Is there room for improvement? Sure there is. More collaboration would be welcome, especially when creativity and innovation are at issue. And as Ruby mentioned, we might consider special treatment for certain kinds of downtown projects -- like a grocery store or a school, for example.

But for the most part, things work pretty darn well as far as I'm concerned.

in the N&O article I got a kick out of the Federated official blaming their decision not to rebuild the Village Theaters on the Town's slow pace of review. I'm sure that this decision couldn't possibly have had anything to do with the financial feasibility of building a multiplex theater at a time when ticket sales are down 12.5% since 2002. Naw - I'm sure there was no connection.

Village Theaters came up constantly at election forums. It seemed a rather weak argument to me, but it kept popping up time and time again as the persistent example that "development is too tough in Chapel Hill." I found myself in the constant (and somewhat unwanted) position of defending the town for a process I wasn't around to be a part of. It seems to me the real cause for the Village Theaters failure was a disagreement between property owners that even mediation on the part of the town could not solve.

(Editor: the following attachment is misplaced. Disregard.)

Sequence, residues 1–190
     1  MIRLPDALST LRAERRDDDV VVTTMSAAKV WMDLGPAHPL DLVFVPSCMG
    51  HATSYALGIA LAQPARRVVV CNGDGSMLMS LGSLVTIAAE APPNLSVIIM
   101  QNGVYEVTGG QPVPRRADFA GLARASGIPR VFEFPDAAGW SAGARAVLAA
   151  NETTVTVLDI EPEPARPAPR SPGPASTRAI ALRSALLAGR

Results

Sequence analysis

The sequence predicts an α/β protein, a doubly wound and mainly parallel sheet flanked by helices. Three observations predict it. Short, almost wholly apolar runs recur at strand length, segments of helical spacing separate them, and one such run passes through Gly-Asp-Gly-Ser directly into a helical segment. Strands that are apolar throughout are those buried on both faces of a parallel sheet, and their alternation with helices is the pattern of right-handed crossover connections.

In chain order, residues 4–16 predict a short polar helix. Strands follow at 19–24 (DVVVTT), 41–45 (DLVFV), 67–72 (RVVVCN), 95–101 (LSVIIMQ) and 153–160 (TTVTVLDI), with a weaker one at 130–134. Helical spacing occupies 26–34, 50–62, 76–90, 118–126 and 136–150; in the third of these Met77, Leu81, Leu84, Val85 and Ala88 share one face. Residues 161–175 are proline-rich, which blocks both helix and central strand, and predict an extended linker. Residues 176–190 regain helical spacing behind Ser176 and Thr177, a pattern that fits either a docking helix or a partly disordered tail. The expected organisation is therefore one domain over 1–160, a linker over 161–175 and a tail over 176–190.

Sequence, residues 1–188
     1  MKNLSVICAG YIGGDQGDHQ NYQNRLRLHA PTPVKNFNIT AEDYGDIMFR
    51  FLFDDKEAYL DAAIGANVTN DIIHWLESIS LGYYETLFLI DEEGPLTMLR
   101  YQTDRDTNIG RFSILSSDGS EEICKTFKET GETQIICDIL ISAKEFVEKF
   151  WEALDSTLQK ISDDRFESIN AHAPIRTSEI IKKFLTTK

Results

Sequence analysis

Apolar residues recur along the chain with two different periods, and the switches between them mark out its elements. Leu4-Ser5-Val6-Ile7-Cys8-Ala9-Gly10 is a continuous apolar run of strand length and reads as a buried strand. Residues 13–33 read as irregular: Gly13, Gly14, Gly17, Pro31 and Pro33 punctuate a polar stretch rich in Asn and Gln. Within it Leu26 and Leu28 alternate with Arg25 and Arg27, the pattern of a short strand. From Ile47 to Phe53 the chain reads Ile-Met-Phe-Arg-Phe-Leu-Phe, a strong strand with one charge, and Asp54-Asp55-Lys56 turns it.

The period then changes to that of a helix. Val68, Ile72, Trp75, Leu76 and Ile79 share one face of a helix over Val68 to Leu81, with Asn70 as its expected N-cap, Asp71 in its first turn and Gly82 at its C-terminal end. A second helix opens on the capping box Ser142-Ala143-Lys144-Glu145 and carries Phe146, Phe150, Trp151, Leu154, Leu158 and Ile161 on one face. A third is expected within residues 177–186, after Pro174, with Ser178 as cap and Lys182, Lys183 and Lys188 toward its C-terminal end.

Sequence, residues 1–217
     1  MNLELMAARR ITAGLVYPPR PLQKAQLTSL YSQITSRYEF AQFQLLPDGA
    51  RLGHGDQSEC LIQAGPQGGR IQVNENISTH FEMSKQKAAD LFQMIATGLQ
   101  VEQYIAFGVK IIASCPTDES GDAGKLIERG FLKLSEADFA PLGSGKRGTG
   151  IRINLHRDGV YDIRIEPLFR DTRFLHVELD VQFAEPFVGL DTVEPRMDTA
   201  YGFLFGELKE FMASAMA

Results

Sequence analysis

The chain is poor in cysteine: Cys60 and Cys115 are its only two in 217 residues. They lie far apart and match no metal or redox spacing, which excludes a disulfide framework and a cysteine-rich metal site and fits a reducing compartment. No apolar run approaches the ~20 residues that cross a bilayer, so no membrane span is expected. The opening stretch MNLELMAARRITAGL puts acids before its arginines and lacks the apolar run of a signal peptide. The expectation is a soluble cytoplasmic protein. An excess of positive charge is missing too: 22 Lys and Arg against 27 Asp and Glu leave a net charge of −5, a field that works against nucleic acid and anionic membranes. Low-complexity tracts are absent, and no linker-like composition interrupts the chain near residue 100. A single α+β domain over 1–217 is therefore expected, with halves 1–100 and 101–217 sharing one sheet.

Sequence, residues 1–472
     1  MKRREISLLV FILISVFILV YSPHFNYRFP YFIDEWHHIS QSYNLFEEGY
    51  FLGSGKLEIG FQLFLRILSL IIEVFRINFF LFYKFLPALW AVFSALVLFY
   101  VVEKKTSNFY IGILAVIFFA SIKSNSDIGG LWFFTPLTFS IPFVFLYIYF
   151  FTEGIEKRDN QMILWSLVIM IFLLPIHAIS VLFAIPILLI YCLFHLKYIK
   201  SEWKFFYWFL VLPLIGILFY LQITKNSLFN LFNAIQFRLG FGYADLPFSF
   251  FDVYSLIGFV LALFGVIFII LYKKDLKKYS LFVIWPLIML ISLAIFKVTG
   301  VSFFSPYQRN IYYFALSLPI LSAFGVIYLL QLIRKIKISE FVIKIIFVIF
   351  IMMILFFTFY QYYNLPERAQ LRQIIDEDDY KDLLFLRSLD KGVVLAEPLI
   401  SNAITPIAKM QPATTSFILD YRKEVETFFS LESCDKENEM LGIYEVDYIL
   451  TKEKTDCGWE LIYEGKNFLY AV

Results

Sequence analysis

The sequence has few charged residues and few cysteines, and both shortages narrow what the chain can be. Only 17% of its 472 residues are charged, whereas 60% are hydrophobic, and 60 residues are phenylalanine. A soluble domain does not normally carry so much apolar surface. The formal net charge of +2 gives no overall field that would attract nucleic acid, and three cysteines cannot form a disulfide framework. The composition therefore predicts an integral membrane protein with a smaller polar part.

I don't see a tough standard for developers as a negative on any town, even on the short term. Growth and a healthy economy are not the same thing, and should not be confused.


I think you have correctly identified the REAL REASON that Federated never moved forward on the Village Theaters project (as opposed to their town-bashing explanation). But I continue to think that a major reason they failed to work out their differences with the other property owners at that site was that they were looking for a way to exit their plan without losing face. They had made a big deal about how they were going to build a multi-plex in Chapel Hill because they had been here for years and they believed in its future. Unfortunately, the movie-going public has gotten fed-up with paying to see 30-45 minutes of commercials prior to seeing their films, especially when things come out so quickly now on DVD and cable. And with the new DVD rental services making it easier all the time the business model of a multi-plex theater, perhaps questionable at this location to start with, probably gives bankers a lot to think about before financing a project.